Economic projections and investment insight for 2015
Our 2015 forecast echoes many of the themes from 2014 — an economic recovery driven by growth in consumer spending and lower unemployment.Consumer spending growth of 2.7%. We expect U.S. consumers to spend at a pace closer to their historical norms during prior expansions; and we forecast real consumer spending growth of 2.7% in 2015, up from the 2014 average of 2.3%. Over the course of 2014, gasoline prices have fallen over 30% this year, but we see West Texas Intermediate (WTI) oil prices remaining around $70 to $80 a barrel in 2015. 5.4% unemployment by Q4. The U.S. unemployment rate should average 5.4% by the fourth quarter of 2015, a level of unemployment that most economists consider at or below levels seen in a “fully employed” U.S. economy. Interest rate increases. In 2014, one big surprise was the fall in interest rates, which delivered a year of positive return for fixed income investors. For 2015, we predict that the downside risk for rates going lower is minimal. Rather, there is a larger probability of rates trickling higher as some global growth upside makes its way into the marketplace. The Fed is expected to begin fiscal tightening by increasing the Fed funds rate between the second and third quarter of next year, projected to move up to 1% by the end of 2015. 10-year Treasury yield to 2.9%. Our expectation is the 10-year Treasury yield will expand to between 2.8 and 2.9% from the estimated 2.4% rate at 2014 year-end. U.S. stock market — the most reliable source of growth. Multinational U.S. companies often manufacture abroad; this will add to profit margins domestically as well as minimize the effect of the rising dollar on profits. The rising dollar also means that inflation should remain low and money flowing in from other countries should aid with consumer spending and capital investment by keeping interest rates low. The question is: Just how far can the U.S. carry the ball, given the global economy and the current above-average valuations? Globally, equity markets contain potential hits and misses. In 2015,European equities may get a bounce; but with their continued economic struggles, when and how large of a bounce are the true questions. The emerging markets, as a whole, look to be mixed, with China to be the top contender to produce unexpected growth outside of the U.S. in 2015. Smaller emerging market nations may be promising, but any extreme overweight to any of these economies implies significant risk. Key investment insights for the coming year:
- The Investment Advisory & Management (IA&M) group is predicting less-than-historical average returns for both stocks and bonds in 2015; with increasing standard deviations, a look toward alternative asset classes is warranted. Don’t be lulled into concentrating exposures to overcrowded trades and away from diversified strategies.
- Domestic markets look like the better bet in the short-term, but don’t be surprised if they pass the baton internationally in the latter half of the year.
- When seeking international diversification, an underweight to Europe and Japan will likely be the better strategy for the first half of 2015, as stock returns are unlikely to compensate for the economic and currency weaknesses. We remain cautiously optimistic at this time due to expected volatility, with the hope that the economies in Europe and the emerging markets will strengthen during the year and add to the domestic momentum at some point in 2015.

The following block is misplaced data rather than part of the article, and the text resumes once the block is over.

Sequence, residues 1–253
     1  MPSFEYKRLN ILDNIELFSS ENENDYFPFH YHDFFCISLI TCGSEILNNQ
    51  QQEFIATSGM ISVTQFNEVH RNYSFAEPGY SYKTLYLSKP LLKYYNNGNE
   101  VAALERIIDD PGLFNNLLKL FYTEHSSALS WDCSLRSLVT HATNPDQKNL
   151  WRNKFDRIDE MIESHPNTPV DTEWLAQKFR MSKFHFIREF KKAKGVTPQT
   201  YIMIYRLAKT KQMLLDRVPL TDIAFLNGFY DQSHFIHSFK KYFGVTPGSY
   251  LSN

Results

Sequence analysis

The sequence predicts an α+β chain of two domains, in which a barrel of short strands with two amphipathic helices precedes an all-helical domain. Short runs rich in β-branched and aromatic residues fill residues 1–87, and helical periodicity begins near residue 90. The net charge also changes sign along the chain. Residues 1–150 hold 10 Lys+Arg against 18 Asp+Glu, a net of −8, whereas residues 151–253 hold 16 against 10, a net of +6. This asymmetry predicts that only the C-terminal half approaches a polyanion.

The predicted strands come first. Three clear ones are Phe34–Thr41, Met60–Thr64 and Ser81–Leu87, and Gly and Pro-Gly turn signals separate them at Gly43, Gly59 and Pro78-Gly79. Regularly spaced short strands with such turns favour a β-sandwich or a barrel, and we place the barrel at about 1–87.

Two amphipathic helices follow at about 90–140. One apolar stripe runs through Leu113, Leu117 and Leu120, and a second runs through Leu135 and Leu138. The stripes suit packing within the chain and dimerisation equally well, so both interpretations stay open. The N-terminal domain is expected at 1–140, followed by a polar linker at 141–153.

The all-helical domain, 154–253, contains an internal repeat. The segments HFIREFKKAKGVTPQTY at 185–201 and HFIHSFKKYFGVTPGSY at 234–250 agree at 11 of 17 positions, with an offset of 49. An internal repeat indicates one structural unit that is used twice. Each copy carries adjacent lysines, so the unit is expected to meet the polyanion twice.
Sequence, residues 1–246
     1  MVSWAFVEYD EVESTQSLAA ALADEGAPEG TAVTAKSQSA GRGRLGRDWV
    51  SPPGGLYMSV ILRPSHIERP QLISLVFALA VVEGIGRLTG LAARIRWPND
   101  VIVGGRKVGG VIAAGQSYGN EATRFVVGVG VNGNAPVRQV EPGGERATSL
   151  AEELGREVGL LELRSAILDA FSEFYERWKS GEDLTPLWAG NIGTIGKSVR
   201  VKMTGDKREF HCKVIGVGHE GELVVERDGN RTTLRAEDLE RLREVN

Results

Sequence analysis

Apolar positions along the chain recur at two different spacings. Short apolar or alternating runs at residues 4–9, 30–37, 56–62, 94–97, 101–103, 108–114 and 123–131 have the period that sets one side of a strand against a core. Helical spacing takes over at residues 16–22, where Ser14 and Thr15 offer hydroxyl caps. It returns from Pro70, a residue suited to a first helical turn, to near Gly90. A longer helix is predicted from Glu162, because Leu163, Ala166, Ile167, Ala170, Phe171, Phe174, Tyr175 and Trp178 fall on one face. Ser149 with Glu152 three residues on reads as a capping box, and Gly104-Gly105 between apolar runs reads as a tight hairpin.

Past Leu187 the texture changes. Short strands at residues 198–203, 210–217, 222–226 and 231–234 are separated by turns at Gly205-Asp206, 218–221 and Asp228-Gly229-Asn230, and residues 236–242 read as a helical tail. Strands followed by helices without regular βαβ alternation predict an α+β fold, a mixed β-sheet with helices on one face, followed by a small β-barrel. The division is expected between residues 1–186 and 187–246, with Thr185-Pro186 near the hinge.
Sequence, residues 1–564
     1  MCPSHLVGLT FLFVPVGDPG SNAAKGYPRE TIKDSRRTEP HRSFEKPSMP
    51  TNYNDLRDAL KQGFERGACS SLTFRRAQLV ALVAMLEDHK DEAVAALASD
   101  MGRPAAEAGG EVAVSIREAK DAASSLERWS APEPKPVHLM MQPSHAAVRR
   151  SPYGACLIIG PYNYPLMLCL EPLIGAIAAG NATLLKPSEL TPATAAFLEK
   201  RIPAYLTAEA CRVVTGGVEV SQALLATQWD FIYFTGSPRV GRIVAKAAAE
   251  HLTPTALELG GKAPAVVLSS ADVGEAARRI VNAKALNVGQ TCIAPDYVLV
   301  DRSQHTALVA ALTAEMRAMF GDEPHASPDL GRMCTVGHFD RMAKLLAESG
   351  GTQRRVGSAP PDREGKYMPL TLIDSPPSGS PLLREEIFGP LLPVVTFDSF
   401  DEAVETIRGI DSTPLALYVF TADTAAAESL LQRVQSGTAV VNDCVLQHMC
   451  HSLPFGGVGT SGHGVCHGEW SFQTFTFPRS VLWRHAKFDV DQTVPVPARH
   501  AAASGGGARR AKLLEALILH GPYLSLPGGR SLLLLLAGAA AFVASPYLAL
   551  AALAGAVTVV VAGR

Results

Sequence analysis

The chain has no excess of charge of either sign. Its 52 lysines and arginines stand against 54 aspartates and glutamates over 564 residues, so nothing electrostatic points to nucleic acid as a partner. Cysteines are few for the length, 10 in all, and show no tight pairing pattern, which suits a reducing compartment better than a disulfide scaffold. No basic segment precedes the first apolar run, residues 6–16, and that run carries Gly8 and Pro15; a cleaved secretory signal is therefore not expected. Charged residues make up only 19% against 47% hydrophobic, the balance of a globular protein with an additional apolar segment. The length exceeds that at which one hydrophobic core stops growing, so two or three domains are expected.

- REITs have performed well over the past few years, and we expect the trend to continue; however, domestic real estate has been the better performer by a good margin. We expect, as rates are raised by the Fed and the European recovery gains a stronger foothold, foreign real estate may be a better opportunity looking into 2015.
The year ahead will, as always, provide surprises both to the upside and to the downside. We encourage all investors to keep diversified, keep tactical, and keep a wary eye of trading on transient headlines versus qualitative fundamentals.All investments involve risk.
Stocks of small and medium sized companies entail special risks, such as limited product lines, markets, and financial resources, and greater market volatility than securities of larger more established companies. International investing involves special risks such as currency fluctuation, lower liquidity, political and economic uncertainties, and differences in accounting standards. Risks for smaller companies include business risks, significant stock price fluctuation and illiquidity. Investing in higher-yielding, lower-rated bonds has a greater risk of price fluctuation and loss of principal income than U.S. government securities, such as U.S. Treasury bonds and bills. Treasuries and government securities are guaranteed by the government for repayment of principal and interest if held to maturity. Investments in REITs are subject to the inherent risks of direct investment in real estate such as price fluctuation, liquidity, and concentration risks.
The views presented are those of the Investment Management and Trust Division of the Bank of the West Wealth Management Group and should not be construed as investment advice or an expression of the Bank’s view as to whether a particular security or financial strategy is appropriate for you and meets your financial objectives. Economic and market forecasts reflect subjective judgments and assumptions, and unexpected events may occur. Investors should seek the advice of a financial professional regarding the appropriateness of any securities or strategies discussed. Past performance is no guarantee of future results.